Young and Organized: The pandemic and the gig economy are drawing Generation Z to unions.

AuthorJohnson, Sharon

Destiny Violet Richards, a twenty-two-year-old security guard in Chicago, has managed to do what many young people cannot: advance toward the American dream, thanks to her membership in the Service Employees International Union (SEIU) Local 1, which represents 50,000 workers in six Midwestern states.

"I don't walk on eggshells anymore because I have the union behind me," says Richards, who became a member last year. The wages negotiated by the union enable her to keep up with inflation. She has health care benefits that her friends in the gig economy can't afford. "But best of all," she says, "is the security of knowing that I have somebody I can talk to about the rules and how I should be treated in the workplace."

Richards is a loyal employee who, during the pandemic, worked twelve- to sixteen-hour shifts that left her exhausted. "I paid a significant price," she says. "I dropped out of college because I didn't have the energy or concentration for my studies in information technology."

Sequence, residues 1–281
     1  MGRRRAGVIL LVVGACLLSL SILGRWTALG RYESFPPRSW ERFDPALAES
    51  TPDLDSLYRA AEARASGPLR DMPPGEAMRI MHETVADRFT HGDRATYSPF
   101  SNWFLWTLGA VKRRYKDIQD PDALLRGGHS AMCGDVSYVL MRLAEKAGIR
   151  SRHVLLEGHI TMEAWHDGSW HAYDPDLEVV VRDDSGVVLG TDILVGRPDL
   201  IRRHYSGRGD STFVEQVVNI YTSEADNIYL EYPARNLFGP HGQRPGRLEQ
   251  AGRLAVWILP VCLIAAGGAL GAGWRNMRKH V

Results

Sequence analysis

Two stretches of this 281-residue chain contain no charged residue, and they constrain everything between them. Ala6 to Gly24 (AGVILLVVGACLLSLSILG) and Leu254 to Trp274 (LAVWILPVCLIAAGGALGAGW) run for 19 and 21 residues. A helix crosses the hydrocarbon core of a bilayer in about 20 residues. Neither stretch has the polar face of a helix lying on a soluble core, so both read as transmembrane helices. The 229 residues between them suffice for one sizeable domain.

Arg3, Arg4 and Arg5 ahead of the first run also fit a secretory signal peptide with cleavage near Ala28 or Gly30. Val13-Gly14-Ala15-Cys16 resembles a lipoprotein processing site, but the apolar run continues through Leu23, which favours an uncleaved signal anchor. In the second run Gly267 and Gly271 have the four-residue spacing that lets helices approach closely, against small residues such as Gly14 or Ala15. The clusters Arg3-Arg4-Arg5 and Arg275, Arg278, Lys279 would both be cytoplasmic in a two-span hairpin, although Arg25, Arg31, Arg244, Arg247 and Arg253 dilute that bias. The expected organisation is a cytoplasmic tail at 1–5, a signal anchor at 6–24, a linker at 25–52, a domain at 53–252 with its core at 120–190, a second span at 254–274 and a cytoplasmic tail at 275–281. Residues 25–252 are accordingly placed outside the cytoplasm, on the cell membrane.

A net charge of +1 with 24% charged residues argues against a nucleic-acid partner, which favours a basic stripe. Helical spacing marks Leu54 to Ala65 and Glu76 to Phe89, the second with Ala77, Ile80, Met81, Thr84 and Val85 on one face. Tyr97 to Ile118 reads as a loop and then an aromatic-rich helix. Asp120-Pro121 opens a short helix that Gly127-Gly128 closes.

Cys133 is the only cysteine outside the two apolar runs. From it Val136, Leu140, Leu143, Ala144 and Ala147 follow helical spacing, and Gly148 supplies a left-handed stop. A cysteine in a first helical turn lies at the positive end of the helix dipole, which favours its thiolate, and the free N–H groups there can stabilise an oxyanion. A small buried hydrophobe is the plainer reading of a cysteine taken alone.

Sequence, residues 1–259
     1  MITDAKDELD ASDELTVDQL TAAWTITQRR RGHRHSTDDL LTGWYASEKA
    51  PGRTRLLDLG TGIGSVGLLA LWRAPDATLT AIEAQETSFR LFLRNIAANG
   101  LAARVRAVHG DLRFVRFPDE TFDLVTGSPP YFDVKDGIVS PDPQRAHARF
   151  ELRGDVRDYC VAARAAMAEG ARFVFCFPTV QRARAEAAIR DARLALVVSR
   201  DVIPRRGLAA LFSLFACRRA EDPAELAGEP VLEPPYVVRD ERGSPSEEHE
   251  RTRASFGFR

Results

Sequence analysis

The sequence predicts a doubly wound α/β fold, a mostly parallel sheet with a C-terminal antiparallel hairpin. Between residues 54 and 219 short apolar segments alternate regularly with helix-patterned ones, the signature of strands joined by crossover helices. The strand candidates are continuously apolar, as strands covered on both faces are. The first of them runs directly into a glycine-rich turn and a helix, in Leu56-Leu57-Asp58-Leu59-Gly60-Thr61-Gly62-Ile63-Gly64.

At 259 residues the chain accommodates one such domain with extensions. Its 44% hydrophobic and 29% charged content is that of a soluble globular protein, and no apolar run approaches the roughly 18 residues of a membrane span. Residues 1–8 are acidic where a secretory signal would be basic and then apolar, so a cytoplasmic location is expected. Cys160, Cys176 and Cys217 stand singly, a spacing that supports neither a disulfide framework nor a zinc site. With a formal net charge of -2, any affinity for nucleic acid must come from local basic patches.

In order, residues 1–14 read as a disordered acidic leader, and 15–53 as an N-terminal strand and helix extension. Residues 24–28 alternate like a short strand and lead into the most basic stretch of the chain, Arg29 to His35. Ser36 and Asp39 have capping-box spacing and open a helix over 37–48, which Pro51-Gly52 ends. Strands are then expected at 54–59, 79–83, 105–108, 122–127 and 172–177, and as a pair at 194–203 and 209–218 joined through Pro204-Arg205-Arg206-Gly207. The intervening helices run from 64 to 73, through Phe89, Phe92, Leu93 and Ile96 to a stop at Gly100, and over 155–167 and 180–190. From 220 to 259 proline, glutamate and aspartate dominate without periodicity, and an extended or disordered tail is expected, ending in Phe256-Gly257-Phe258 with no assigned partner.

But meeting other union members who were facing the same challenges "decreased my sense of vulnerability," Richards says. "It also gave me a sense of being part of a movement to bring about positive changes in the workplace that will benefit all security guards."

The Economic Policy Institute, a nonprofit think tank, found that only 15.8 million Americans were represented by unions in 2021, a decline of 581,000 from 2019.

Historically, younger workers have been less likely to join unions than older workers, says Marquita Walker, interim chair and associate professor of labor studies at Indiana University-Purdue University Indianapolis.

"But that is beginning to change in the twentyfirst century because of the growth of the gig economy, which has ushered in temporary positions, unstable pay, and a lack of benefits," Walker says in a phone interview. "Corporate decisions to downsize and close factories have also highlighted power imbalances in the workplace and the need for workers to be represented in negotiations that affect them and their families."

Walker, author of The Daily Grind: How Workers Navigate the Employment Relationship, says the 2008 recession forced many young workers to rethink their assumptions about their place in the economy. Unemployment skyrocketed, depriving young people of income to pay their school loans, buy homes, and acquire savings as their parents had done early in their careers.

Then the pandemic further exacerbated the...

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